Former Chief Financial Officer of the Clinton FoundationAndrew Kessel told them he knows “where all the bodies are buried,” The Hill reported.
The 48-page submission, dated Aug. 11, 2017, supports its claims with 95 exhibits, including internal legal reviews that the foundation conducted on itself in 2008 and 2011.
Those reviews flagged serious concerns about legal compliance, improper commingling of personal and charity business and “quid pro quo” promises made to donors while Hillary Clinton was secretary of State.
The submission also cites an interview its investigators conducted with Andrew Kessel that quotes the foundation’s longtime chief financial officer as saying he was unable to stop former President Clinton from “commingling” personal business and charitable activities inside the foundation and that he “knows where all the bodies are buried.”
“There is probable cause that the Clinton Foundation has run afoul of IRS rules regarding tax-exempt charitable organizations and has acted inconsistently with its stated purpose,” MDA Analytics alleged in its submission. “The Foundation should be investigated for all of the above-mentioned improprieties. The tax rules, codes, statutes and the rule of law should and must be applied in this case.”
Current and former Clinton Foundation sources confirm that CFO Kessel met with MDA investigators in late 2016 and subsequently was interviewed by FBI agents in 2017. But they insist he did not implicate former President Clinton or the foundation in any illegality…
Kessel told those investigators that “one of the biggest problems was Mr. Clinton’s commingling and use of business and donated funds and his personal expenses,” according to the whistleblower submission.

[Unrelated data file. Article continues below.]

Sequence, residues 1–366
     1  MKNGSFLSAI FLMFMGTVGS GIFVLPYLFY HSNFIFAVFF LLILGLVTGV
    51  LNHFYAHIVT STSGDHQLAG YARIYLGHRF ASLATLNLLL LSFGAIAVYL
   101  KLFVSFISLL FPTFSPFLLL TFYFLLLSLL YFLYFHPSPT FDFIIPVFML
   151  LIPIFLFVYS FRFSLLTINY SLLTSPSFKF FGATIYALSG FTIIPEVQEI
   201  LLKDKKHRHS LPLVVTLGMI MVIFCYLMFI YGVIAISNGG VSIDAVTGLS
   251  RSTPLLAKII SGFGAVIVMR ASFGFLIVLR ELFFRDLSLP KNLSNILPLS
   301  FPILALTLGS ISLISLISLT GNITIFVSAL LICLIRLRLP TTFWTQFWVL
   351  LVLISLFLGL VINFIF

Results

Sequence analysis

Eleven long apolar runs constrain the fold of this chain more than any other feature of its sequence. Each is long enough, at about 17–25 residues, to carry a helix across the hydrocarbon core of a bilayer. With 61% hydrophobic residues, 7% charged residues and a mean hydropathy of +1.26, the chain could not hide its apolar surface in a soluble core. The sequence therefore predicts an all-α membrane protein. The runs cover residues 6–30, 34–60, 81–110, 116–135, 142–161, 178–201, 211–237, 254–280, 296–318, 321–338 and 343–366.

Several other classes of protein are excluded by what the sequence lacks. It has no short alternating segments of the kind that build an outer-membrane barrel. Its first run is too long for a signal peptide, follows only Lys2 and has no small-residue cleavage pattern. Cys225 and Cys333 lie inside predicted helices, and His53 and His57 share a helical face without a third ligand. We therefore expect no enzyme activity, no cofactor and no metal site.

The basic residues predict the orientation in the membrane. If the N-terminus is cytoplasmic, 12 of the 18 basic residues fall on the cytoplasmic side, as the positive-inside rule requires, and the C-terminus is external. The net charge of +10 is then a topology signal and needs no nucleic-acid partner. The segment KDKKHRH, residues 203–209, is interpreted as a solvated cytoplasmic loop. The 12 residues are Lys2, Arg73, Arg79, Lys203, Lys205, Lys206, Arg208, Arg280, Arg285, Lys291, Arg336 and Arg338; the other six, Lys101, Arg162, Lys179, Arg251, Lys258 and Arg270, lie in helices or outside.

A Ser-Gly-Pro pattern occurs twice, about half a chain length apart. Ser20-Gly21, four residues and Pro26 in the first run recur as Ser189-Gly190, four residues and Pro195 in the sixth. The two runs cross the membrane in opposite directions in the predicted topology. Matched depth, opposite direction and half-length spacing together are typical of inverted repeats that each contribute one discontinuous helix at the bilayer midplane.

“There is no controlling Bill Clinton. He does whatever he wants and runs up incredible expenses with foundation funds,” states a separate interview memo attached to the submission.
“Bill Clinton mixes and matches his personal business with that of the foundation. Many people within the foundation have tried to caution him about this but he does not listen, and there really is no talking to him,” the memo added.
The memo also claims Kessel confirmed to the private investigators that private lawyers reviewed the foundation’s practices — once in 2008 and the other in 2011 — and each found widespread problems with governance, accounting and conflicts of interest.
“I have addressed it before and, let me tell you, I know where all the bodies are buried in this place,” the memo alleges Kessel said.
Foundation officials confirm Kessel attended the meeting but declined to describe what was discussed, except to say Kessel “strongly denies that he said or suggested that the Clinton Foundation or President Clinton engaged in inappropriate or illegal activities.”
“Mr. Kessel believed he was meeting an old professional acquaintance who was looking for business from the Foundation,” the foundation said in a statement.
MDA Analytics said it stands by the information it submitted to the IRS and can prove its accuracy.
The comments attributed to Kessel track closely to statements employees and executives of the foundation made during the 2008 and 2011 internal legal reviews.
For example, the 2008 review written by a private lawyer named Kumiki Gibson, who was hired by the foundation to study its governance, directly flagged concerns about improper commingling of charitable and private business.
“The work of the Foundation and the President are intertwined in a way that creates confusion at, and undermines the work of, the Foundation at virtually every level,” Gibson wrote, warning that such commingling poses “reputational and legal challenges, and with confusion, inefficiencies and waste.”